Pro-Vavi group cuts Dlamini's speech short at Cosatu meeting

Cosatu president Sdumo Dlamini. (Delwyn Verasamy, M&G)

Cosatu president Sdumo Dlamini. (Delwyn Verasamy, M&G)

Cosatu president Sdumo Dlamini was forced to leave the federation's Gauteng shopsteward council before he finished his speech on Friday, after hundreds of workers from different Cosatu affiliates disrupted him with pro-Zwelinzima Vavi songs.

The shopsteward council, which was held at City Hall in Johannesburg, was organised by the Cosatu provincial leaders to mobilise support for the ANC ahead of the May 7 general elections. Dlamini, together with ANC provincial deputy chairperson in Gauteng Gwen Ramokgopa, was invited to address the workers.

National Union of Metalworkers of South Africa (Numsa) local secretary at the Wits Central branch, John Manana, who attended the event, told the Mail & Guardian on Friday that Dlamini left the meeting after workers disrupted his speech.

"He was not afforded space to present his speech. He was subjected to booing and all sorts of things. The meeting was rendered ineffective," said Manana.

A briefing note written to Numsa national office bearers by the union's regional secretary in Gauteng, Sizwe Dlamini, also confirmed the incident.

"We wish to brief you [Numsa national leaders] as follows. When Cosatu president took to the podium to address the PSSC, Numsa delegates went into song asking Sdumo why he has dismissed the Cosatu GS [general secretary] [Vavi]. The song continued non-stop. Sdumo tried to shut the workers by singing another song himself but he failed as his forces were too weak. Numsa forces followed by Fawu [Food and Allied Workers Union], Saccawu [South African Commercial, Catering and Allied Workers Union] and all other forces for socialism in the Gauteng province joined the song.

"I must mention that the NUM [National Union of Mineworkers] delegates were singing voluntarily with Numsa forces in unsettling Sdumo," reads Sizwe Dlamini's briefing note.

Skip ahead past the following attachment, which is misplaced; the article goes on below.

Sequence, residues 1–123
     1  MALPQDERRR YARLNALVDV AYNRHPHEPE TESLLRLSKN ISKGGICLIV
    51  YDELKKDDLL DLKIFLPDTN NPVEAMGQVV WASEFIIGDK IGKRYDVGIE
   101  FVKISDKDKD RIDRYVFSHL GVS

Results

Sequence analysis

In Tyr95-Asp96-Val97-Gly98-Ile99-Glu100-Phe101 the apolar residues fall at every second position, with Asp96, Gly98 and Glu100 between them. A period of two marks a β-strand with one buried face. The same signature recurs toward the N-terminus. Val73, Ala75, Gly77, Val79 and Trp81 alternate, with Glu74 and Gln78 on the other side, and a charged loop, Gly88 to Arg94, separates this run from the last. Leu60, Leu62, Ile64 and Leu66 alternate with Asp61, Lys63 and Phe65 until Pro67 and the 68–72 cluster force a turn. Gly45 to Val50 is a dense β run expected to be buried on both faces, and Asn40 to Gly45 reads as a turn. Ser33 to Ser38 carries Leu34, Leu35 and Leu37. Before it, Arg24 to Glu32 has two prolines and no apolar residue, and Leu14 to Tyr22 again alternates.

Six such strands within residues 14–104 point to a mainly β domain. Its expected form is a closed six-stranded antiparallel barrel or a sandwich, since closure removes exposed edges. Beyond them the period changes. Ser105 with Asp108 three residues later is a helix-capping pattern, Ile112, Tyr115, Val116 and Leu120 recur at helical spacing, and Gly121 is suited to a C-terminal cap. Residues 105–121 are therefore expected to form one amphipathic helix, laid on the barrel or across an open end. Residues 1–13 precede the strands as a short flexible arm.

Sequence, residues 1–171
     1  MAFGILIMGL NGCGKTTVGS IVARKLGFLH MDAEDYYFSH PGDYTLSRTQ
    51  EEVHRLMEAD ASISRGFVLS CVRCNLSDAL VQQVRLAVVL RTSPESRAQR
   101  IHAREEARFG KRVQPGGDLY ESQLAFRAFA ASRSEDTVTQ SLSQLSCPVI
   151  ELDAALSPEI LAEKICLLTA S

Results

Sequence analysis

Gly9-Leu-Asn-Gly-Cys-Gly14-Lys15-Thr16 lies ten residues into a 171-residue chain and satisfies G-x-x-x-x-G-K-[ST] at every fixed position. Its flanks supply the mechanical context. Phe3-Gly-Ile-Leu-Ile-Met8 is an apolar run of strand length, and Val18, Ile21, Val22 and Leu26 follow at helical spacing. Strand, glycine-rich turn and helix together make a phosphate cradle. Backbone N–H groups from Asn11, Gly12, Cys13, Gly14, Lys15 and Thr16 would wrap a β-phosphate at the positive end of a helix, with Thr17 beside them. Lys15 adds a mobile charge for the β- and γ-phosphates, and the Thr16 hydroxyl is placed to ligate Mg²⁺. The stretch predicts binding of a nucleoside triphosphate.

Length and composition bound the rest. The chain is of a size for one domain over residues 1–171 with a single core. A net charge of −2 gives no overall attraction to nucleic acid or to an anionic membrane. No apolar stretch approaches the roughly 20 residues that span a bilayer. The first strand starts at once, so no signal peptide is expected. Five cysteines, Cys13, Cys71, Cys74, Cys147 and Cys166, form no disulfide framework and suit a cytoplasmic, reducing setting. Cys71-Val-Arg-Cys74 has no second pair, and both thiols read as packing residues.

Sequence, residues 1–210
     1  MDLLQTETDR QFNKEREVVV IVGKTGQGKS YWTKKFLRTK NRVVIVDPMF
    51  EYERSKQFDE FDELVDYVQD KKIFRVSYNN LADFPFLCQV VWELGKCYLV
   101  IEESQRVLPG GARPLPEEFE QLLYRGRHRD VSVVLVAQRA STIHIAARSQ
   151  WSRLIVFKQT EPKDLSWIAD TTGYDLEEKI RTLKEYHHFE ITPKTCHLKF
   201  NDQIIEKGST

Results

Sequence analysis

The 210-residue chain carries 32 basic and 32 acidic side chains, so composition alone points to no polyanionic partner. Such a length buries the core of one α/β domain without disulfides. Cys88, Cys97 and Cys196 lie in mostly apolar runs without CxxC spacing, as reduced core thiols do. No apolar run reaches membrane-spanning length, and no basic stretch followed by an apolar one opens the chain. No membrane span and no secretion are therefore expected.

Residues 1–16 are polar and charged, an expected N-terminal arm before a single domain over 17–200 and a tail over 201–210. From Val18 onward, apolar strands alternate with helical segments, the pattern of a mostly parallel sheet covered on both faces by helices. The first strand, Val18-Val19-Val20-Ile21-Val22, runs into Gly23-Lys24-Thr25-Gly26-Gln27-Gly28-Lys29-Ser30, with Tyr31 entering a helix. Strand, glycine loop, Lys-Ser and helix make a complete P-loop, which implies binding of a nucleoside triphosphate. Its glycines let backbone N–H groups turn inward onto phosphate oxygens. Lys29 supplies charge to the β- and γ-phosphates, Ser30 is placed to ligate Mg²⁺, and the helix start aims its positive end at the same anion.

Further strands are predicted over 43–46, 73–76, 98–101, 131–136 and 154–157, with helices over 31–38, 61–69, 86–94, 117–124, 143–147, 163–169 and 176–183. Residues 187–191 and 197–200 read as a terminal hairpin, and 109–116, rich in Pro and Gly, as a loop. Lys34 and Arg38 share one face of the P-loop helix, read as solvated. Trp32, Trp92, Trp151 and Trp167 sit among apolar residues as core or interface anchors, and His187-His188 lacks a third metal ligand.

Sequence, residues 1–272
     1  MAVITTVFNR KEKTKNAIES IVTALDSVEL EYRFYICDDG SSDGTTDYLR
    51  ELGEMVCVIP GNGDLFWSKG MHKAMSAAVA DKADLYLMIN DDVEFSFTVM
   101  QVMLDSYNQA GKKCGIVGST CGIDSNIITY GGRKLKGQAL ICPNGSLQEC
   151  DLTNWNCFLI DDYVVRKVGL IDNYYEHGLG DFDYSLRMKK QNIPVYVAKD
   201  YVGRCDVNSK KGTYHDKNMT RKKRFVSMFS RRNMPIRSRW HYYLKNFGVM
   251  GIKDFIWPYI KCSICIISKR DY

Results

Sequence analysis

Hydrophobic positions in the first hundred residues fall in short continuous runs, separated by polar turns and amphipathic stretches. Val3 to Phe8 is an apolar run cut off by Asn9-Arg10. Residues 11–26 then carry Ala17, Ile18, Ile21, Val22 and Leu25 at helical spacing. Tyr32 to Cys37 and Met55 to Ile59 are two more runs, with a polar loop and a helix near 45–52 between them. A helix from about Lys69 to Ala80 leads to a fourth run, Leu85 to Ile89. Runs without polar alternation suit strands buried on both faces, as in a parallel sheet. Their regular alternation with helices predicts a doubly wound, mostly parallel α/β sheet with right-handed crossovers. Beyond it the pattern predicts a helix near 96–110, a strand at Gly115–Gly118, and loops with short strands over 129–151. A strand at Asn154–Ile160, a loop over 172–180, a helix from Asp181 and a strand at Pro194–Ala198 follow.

The NUM's national leaders, including its general secretary Frans Baleni, are close allies of the Cosatu president.

Meeting cancelled
Gauteng Cosatu chairperson Putas Tseki tried to calm the delegates but was unsuccessful. The meeting was called off immediately, said Sizwe Dlamini.

Approached for comment, Cosatu Gauteng secretary Dumisani Dakile denied that the Cosatu president was forced to leave after workers disrupted his speech.

“The president [Sdumo Dlamini] spoke from the beginning to the end. He had to attend to another meeting - that's why he left early. There is no one who disrupted his speech. Everything went well. It is unfortunate that he had to leave early. He was rushing to attend the central committee meeting of the SACP [South African Communist Party]," said Dakile.

This incident was not the first to happen to Dlamini. He was previously booed in Limpopo, KwaZulu-Natal and the Eastern Cape by Cosatu members who are unhappy with the federation's decision to suspend Vavi.

Cosatu acting general secretary Bheki Ntshalintshali told journalists in Johannesburg on Thursday, the federation's central executive committee meeting this week discussed disruptive and disrespectful activities by members of various affiliates of Cosatu.

"It was agreed that Cosatu NOBs and leaders of the affiliates involved must speak to their provincial leaders and members to explain what their role is - that Cosatu is not a federal structure and that national policy decisions are binding on all provincial, regional and local structures," said Ntshalintshali.

Sdumo Dlamini refused to comment when approached by the M&G on Friday. But during the press briefing on Thursday, he said he was not worried about the attacks directed at him by some Cosatu members.

"Cosatu is a huge elephant and from time to time it will have ticks that keeps on biting it.  But it moves forward. We are working hard to unite the federation," he said. 

 
ML

ML

Matuma Letsoalo is a senior politics reporter at the Mail & Guardian. He joined the newspaper in 2003, focussing on politics and labour, and collaborated with the M&G's centre for investigations, amaBhungane, from time to time.In 2011, Matuma won the South African Journalist of the Year Award and was also the winner in the investigative journalism category in the same year.In 2004, he won the CNN African Journalist of the Year prize – the MKO Abiola Print Journalism Award. Matuma was also a joint category winner of the Mondi Shanduka SA Story of the year Award in 2008. In 2013, he was a finalist for Wits University's Taco Kuiper Award. Read more from ML

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